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Call for evidence

Legislative Scrutiny: Police, Crime, Sentencing and Courts Bill

The Joint Committee on Human Rights is calling for evidence on the Police, Crime, Sentencing and Courts Bill.

This extremely wide-ranging Bill, launched into the House of Commons on March 9, will be debated in Parliament today (15 March) and tomorrow (16 March). There are particular concerns that it will grant greater powers to police to limit the right to protest, brought into focus by recent events.

Lots of diverse matters are included in the Bill, from criminal damage to memorials to homicide reviews and from unauthorised encampments to court and tribunal procedures.  The Joint Committee notes that some elements, such as the proposal to tighten the criteria for custodial remands of children and the proposal to extend the sexual offence of abusing trust to cover sports and religious settings, would enhance the protection of human rights.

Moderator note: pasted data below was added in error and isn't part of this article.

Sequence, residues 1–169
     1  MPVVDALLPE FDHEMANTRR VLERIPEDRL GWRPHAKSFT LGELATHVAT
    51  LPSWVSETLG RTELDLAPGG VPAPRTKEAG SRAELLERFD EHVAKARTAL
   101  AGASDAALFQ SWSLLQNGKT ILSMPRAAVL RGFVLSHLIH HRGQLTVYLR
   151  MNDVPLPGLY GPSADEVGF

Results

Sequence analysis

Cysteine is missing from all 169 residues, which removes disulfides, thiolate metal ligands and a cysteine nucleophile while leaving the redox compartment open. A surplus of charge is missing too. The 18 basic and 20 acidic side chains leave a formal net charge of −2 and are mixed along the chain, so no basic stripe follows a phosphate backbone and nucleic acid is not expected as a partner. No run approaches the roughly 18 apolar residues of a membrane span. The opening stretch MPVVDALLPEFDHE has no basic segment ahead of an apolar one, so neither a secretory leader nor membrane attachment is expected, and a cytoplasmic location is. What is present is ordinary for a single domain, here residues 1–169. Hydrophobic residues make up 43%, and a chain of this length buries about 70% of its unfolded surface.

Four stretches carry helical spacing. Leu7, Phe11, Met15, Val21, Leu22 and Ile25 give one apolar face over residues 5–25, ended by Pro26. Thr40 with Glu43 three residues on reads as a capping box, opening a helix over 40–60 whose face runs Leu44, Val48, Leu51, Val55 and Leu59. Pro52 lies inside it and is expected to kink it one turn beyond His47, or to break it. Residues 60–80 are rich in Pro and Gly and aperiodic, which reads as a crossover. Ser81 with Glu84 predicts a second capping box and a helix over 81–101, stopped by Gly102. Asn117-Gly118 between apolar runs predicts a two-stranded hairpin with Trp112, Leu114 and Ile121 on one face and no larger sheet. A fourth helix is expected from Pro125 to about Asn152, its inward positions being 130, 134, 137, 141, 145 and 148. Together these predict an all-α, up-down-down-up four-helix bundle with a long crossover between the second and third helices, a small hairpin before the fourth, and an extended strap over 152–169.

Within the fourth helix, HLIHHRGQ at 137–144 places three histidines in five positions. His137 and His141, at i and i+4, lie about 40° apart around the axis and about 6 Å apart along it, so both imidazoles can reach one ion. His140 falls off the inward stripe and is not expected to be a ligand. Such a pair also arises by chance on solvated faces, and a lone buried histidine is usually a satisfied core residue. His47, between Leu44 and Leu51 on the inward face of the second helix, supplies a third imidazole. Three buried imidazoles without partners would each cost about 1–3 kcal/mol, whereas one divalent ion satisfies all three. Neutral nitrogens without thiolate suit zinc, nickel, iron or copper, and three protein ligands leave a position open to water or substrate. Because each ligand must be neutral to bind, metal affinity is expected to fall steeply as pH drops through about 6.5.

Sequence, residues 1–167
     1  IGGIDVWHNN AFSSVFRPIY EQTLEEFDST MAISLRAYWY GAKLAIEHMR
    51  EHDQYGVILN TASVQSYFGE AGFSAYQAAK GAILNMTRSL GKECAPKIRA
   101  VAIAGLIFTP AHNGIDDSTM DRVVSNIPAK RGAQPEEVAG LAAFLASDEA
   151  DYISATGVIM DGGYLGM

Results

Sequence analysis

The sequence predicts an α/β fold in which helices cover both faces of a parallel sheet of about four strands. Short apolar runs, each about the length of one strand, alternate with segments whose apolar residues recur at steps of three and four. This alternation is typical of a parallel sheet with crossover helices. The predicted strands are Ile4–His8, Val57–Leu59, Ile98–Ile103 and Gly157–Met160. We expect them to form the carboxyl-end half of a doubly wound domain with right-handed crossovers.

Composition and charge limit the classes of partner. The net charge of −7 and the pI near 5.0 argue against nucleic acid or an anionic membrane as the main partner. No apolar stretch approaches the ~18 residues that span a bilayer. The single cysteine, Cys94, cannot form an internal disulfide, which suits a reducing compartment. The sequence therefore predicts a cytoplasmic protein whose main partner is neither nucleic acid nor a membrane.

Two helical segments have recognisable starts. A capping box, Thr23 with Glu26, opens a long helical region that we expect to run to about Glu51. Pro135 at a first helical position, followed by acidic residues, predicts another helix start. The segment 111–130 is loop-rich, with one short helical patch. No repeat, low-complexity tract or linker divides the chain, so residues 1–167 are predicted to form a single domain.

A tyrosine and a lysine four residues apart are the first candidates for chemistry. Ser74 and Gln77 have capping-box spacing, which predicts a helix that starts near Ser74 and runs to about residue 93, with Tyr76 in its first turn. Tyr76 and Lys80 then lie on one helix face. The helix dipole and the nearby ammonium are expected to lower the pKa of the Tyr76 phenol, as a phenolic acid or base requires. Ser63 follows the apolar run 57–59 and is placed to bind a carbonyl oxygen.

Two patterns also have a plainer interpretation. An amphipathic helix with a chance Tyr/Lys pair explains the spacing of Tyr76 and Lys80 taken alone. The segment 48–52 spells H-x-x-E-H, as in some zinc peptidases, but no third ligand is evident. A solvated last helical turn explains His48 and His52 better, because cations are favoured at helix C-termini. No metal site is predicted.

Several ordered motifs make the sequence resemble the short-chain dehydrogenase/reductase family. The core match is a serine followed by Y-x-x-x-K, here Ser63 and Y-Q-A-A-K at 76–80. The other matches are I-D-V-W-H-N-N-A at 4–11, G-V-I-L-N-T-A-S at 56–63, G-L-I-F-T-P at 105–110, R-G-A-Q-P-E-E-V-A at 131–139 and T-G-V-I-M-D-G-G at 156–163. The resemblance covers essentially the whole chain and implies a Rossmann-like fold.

However, the Committee has concerns about the human rights implications of other elements of the Bill.

In particular, the Committee is concerned that a number of the Bill’s proposals may involve interference with rights guaranteed through the Human Rights Act 1998 (HRA) and Articles of the European Convention on Human Rights (ECHR), including Article 5 (the right to liberty); Article 7 (no punishment without law); Article 8 (the right to respect for private and family life, the home and correspondence); Article 10 (the right to free expression); Article 11 (the right to free assembly) and Article 14 (the right not to be discriminated against in the application of the other rights). Sentencing measures that concern children also give rise to concerns regarding compliance with the UN Convention on the Rights of the Child (UNCRC).

  • The Bill contains enhanced police powers to deal with public order and wider offences and increased sentences for breaching conditions imposed on assemblies and processions by the police. These proposals have significant implications for the right to protest, an aspect of the rights to free speech and free assembly.